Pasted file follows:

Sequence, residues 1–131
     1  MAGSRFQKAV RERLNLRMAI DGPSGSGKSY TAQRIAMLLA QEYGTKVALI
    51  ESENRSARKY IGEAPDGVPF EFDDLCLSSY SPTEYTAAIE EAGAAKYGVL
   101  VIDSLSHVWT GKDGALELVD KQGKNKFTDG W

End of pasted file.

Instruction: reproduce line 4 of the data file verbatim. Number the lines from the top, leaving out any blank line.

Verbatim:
   101  VIDSLSHVWT GKDGALELVD KQGKNKFTDG W